Feed the hungry, but why are they hungry?

{Cross posted from Chapel Hill News}

Food For the Summer
Food for the Summer

This summer, thanks to Chapel Hill Mayor Pam Hemminger, the InterFaith Council for Social Service, No Kid Hungry NC, the Chapel Hill-Carrboro City Schools, and with funding from UNC’s Food for All, our community launched an effort to provide lunches to as many of the 30 percent of children who qualify for free and reduced meals during the school year as possible.

The program, which started June 13 and will end August 26, has 40 meal sites throughout Carrboro and Chapel Hill, 12 of which are open to any child, 18 years or younger, Other sites include summer school programs and summer camps where registration is required. Meals are prepared five days a week at McDougle, Northside, and Frank Porter Graham elementary schools. As of July 29, 40,686 meals had been served. By the end of August, 1,870 volunteer slots will have been filled by community members to prepare or deliver meals to children.

The success of the Food for the Summer program shows our community’s commitment to helping those in need. But while we work to treat the symptoms of poverty, we must also ask why – why are so many children in our affluent community in need of summer meals? How can we reduce those numbers? If as many people worked to address these questions as volunteered to bring meals to children, we might have far fewer children in need of summer meals.

Our problems are systemic – and require systemic solutions.

We know a lot about the answers to these questions, and what we can do about them. The inability to afford food is intimately tied to other factors related to poverty. When a family’s cost of living – how much things like housing and transportation cost – is high, paying for nutritious food is all the more challenging. When available jobs pay low wages, families struggle to pay for the basic goods they need to live. When educational opportunities are inequitable and do not adequately serve all communities and children, families face insurmountable obstacles to escaping poverty.

Consider some of these factors’ impacts here at home. According to the Orange County Affordable Housing Coalition, a family needs to earn $20.09/hour to pay the average Chapel Hill rent of $1,061 per month. With many jobs in our community paying lower than this rate, families must make choices between paying rent or putting food on the table. Since rent is nonnegotiable, food is often the cost that gets cut.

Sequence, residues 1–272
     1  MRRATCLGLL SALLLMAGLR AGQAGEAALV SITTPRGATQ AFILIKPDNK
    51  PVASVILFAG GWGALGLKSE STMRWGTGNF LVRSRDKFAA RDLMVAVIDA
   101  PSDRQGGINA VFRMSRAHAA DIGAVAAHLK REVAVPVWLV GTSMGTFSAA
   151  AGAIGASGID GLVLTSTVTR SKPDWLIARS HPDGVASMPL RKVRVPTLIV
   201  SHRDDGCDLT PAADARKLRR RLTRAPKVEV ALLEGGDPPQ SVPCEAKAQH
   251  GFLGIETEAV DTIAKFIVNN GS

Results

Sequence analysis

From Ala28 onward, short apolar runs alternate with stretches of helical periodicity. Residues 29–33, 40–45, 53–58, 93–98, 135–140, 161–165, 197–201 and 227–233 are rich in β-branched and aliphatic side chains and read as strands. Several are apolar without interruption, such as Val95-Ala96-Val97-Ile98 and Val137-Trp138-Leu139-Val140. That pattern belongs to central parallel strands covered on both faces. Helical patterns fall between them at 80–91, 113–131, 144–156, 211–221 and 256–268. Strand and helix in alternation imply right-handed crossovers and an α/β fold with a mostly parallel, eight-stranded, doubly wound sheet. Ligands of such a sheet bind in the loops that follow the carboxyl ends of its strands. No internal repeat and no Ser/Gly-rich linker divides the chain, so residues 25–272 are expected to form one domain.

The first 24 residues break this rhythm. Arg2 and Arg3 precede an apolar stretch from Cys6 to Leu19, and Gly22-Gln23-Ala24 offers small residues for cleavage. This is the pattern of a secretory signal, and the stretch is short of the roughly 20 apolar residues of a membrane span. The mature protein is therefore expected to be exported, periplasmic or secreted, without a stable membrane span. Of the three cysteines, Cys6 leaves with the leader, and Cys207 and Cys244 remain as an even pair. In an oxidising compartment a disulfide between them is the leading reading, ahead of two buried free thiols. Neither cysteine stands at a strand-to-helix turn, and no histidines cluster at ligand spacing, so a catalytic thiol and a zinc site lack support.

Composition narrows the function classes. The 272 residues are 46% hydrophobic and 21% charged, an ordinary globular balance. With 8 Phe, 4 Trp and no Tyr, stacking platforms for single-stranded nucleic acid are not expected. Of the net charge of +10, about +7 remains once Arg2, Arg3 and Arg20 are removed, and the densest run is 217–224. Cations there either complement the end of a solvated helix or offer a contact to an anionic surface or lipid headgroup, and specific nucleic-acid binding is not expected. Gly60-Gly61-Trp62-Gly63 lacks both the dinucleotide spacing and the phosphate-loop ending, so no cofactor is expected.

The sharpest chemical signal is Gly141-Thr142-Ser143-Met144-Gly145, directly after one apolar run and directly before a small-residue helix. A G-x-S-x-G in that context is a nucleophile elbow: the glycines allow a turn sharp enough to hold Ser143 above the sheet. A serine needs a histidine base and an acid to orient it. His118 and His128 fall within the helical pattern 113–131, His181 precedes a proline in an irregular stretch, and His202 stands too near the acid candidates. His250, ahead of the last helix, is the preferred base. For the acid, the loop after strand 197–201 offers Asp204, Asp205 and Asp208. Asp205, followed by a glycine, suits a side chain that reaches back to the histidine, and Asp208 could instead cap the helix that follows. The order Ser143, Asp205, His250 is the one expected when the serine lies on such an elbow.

We also should acknowledge that poverty and race are closely linked. Structural racism, which normalizes the institutional processes and practices that advantage white people at the expense of people of color, continues to play a role in sustaining poverty. Our institutions prevent equitable access to education, housing, transportation, employment, health care, and other opportunities and resources. Only when we implement policies designed to overcome structural racism and account for the inequities it has promoted can we make real progress toward eradicating poverty.

We see evidence of structural racism and policy failures at all levels of government. Federal housing policy favors relatively wealthy Americans through homeowner tax credits while housing subsidies for low-income Americans fail to meet demand. The Orange County waitlist for housing vouchers is full. Zoning laws make it difficult to address our housing shortage, meaning the neediest among us bear higher housing costs or move farther away and take on higher transportation costs. Development patterns effectively require car ownership, another burden for lower-income individuals. Even in areas with public transportation, service is often limited and targeted primarily to serve university students and employees.

We can implement solutions today.

Addressing systemic issues requires policy change at all levels of government. We can take action locally to address both the symptoms and the root causes. Local governments have authority over housing and transportation policies that can be tools for reducing poverty, if implemented appropriately. Community organizations and businesses can also be leaders for change.